Should Brits in Austria get the Article 50 card if they have EU citizenship?

For British passport-holders in Austria, the Article 50 Card secures post-Brexit rights. If you already have EU citizenship, you do not need the Article 50 card but in some cases it is still worth applying.

Should Brits in Austria get the Article 50 card if they have EU citizenship?
British nationals with EU citizenship don't need the Article 50 card, but may want to apply anyway. Photo: Christian Lue/Unsplash

The Article 50 card is available to British citizens who were legally resident in Austria before December 31st, 2021.

Some Brits may have EU citizenship, either in Austria or another country in the bloc. 

What do you get with EU citizenship?

The main advantage of EU citizenship is freedom of movement throughout the bloc, something that is not possible with the Article 50 Card.

For example, if you or your partner got a job offer in another EU country or wanted to move for other reasons, you can move under EU freedom of movement rather than needing to go through the process for third country nationals which is now necessary for Brits, including those with the Article 50 card.

EU citizenship is also permanent — you keep it unless you decide to actively renounce it, unlike the rights granted with the Article 50 card which you lose if you are away from Austria for a certain number of years. 

And EU citizenship gives you the right to vote in EU and local elections (as well as Austrian elections, if you have Austrian citizenship).

READ MORE: What Brits in Austria should know as Article 50 deadline looms

Becki Enright, a freelance journalist and travel writer from Berkshire in the UK, has been living in Vienna for five years and recently became an Irish citizen through ancestry. She has changed her residency status in Austria to an Irish passport holder instead of applying for an Article 50 Card.

Becki told The Local: “I didn’t want to go through the process of applying for the Article 50 Card, even though you can leave the country for a greater length of time with the ten-year card.”

British-EU citizens who do not want to get the Article 50 card will need to change the nationality they are registered with Austrian authorities under. If you originally registered as a British citizen, you will need to contact your local Magistrat or MA 35 in Vienna to change your documentation to show your EU nationality. 

Becki said this was “not a pleasant experience” due to having to show extensive proof of income and savings.

What do you get with the Article 50 Card?

As part of the Brexit Withdrawal Agreement, British people that were living in Austria before the end of the transition period on 31st December 2020 can apply for the Article 50 Card to retain their residency rights. 

In most cases, the application process is quick and simple, although some people in Vienna are experiencing long delays, as reported by The Local.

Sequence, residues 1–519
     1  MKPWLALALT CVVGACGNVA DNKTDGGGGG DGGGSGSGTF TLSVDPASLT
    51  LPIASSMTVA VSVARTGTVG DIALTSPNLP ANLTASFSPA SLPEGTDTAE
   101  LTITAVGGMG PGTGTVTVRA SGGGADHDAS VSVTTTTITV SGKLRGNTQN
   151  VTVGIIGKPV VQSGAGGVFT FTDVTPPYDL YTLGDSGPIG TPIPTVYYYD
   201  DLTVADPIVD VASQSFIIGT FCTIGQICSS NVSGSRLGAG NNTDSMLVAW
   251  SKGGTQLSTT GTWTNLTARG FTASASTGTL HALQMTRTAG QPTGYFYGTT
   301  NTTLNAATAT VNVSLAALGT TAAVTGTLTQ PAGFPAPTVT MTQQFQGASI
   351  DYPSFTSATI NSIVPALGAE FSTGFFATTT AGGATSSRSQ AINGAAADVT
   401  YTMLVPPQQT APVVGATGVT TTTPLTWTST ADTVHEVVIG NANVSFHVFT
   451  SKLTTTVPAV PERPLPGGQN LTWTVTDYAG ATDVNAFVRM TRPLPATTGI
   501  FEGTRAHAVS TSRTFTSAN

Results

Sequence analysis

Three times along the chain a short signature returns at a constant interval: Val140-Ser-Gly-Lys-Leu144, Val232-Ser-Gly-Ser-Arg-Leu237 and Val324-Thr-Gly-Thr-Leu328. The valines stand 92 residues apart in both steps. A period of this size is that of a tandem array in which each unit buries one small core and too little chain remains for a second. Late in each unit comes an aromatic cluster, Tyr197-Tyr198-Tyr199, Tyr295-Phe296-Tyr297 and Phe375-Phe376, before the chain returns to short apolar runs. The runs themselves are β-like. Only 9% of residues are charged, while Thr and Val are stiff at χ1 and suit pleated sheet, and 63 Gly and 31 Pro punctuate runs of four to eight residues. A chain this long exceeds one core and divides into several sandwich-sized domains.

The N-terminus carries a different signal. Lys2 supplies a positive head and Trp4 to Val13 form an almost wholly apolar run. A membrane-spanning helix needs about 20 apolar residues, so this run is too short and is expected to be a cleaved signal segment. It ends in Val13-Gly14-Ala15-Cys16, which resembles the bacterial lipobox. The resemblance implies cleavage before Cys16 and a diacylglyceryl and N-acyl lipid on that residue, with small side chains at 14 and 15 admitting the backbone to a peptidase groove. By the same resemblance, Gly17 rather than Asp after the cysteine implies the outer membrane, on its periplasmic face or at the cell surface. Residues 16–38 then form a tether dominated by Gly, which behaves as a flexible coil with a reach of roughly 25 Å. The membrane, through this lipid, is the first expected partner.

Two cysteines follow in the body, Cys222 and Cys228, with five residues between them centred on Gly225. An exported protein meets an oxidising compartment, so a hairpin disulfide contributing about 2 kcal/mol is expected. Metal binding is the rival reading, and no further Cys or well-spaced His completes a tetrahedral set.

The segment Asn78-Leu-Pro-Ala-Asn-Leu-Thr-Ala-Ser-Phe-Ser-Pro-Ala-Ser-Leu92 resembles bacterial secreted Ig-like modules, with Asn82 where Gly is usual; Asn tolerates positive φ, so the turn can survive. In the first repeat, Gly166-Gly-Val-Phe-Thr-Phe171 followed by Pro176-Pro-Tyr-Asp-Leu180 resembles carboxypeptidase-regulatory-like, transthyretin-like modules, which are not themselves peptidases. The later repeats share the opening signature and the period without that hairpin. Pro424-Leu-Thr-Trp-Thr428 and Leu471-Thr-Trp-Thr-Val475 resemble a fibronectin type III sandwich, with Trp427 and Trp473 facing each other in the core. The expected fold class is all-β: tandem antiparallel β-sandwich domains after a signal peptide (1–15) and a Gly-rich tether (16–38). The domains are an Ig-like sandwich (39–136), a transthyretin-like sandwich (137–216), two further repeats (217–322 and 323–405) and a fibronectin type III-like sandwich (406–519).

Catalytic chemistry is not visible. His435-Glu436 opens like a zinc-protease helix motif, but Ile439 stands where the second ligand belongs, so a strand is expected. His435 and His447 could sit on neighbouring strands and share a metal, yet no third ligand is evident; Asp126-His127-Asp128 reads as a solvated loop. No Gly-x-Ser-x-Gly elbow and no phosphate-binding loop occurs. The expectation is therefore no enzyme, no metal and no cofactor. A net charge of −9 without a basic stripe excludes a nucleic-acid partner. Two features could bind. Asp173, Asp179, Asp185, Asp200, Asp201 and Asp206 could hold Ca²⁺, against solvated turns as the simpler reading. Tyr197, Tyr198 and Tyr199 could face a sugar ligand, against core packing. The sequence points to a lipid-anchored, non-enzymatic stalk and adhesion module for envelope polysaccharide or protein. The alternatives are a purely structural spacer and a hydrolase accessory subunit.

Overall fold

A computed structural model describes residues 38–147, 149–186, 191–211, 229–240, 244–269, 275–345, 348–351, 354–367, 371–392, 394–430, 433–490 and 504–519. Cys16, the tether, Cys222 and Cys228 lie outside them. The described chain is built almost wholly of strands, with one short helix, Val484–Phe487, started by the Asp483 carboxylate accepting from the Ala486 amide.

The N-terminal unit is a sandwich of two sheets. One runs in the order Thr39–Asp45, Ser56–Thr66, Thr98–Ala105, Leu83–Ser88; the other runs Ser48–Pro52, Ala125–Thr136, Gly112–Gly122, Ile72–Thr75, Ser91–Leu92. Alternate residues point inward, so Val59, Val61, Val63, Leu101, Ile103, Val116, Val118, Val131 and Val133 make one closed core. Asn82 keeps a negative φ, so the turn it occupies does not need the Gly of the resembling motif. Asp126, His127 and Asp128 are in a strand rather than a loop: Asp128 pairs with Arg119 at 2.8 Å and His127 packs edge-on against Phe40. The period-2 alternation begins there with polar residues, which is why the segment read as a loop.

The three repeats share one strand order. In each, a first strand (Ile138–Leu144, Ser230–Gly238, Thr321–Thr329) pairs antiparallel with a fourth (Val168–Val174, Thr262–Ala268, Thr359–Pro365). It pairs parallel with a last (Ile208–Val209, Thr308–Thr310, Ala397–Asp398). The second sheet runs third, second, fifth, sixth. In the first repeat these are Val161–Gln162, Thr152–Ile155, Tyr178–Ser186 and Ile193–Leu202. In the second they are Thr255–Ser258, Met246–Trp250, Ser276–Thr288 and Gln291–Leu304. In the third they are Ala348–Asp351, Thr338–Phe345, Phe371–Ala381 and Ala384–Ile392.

There are also two types of Article 50 Card – a five-year and a ten-year card.

People that have lived in Austria for less than five years are granted a five-year card, but those that have been in the country for more than five years are given the ten-year card. If you are granted the five-year card initially, you can upgrade to the ten-year card once you have lived in Austria for five continuous years. 

READ MORE: Reader question: Can I exchange my UK drivers licence in Austria now that the deadline has passed?

A big difference between the two is the length of time that a card holder can leave Austria without losing residency.

With the five-year card, a resident can leave Austria for up to six months each year without jeopardising their status. However, the ten-year allows people to leave the country for up to five years and retain permanent residency.

For example, EU citizens that live in Austria are only allowed two years of absence from the country under current freedom of movement rules. It would be relatively simple to return as an EU citizen due to freedom of movement, but you would need to meet the requirements of either studying, working, or having sufficient income to support yourself in order to move back to live long-term.

Useful links

British in Austria

City of Vienna – Immigration and Citizenship (MA 35)

Austrian Federal Government

Member comments

  1. “ EU citizenship is also permanent.” I question this. I was an EU citizen until Brexit, even winning the Nobel Peace prize in 2012, among with 550 million others. Then this citizenship was stripped from me, without even providing me with a vote. (I am a British citizen, but not entitled to vote in the UK, or anywhere now).

    If, for example, Austria leaves the EU, citizenship may not turn out to be permanent.

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How Europe plans to ease long-term residence rules for non-EU nationals

Non-EU citizens living in the European Union are eligible for a special residence status that allows them to move to another country in the bloc. Getting the permit is not simple but may get easier, explains Claudia Delpero.

How Europe plans to ease long-term residence rules for non-EU nationals

The European Commission proposed this week to simplify residence rules for non-EU nationals who live on a long-term basis in the European Union.

The intention is to ease procedures in three areas: acquiring EU long-term residence status, moving to other EU countries and improving the rights of family members. 

But the new measures will have to be approved by the European Parliament and the EU Council, which is made of national ministers. Will EU governments support them?

What is EU long-term residence?

Non-EU citizens who live in EU countries on a long-term basis are eligible for long-term residence status, nationally and at the EU level. 

This EU status can be acquired if the person has lived ‘legally’ in an EU country for at least five years, has not been away for more than 6 consecutive months and 10 months over the entire period, and can prove to have “stable and regular economic resources” and health insurance. Applicants can also be required to meet “integration conditions”, such as passing a test on the national language or culture knowledge.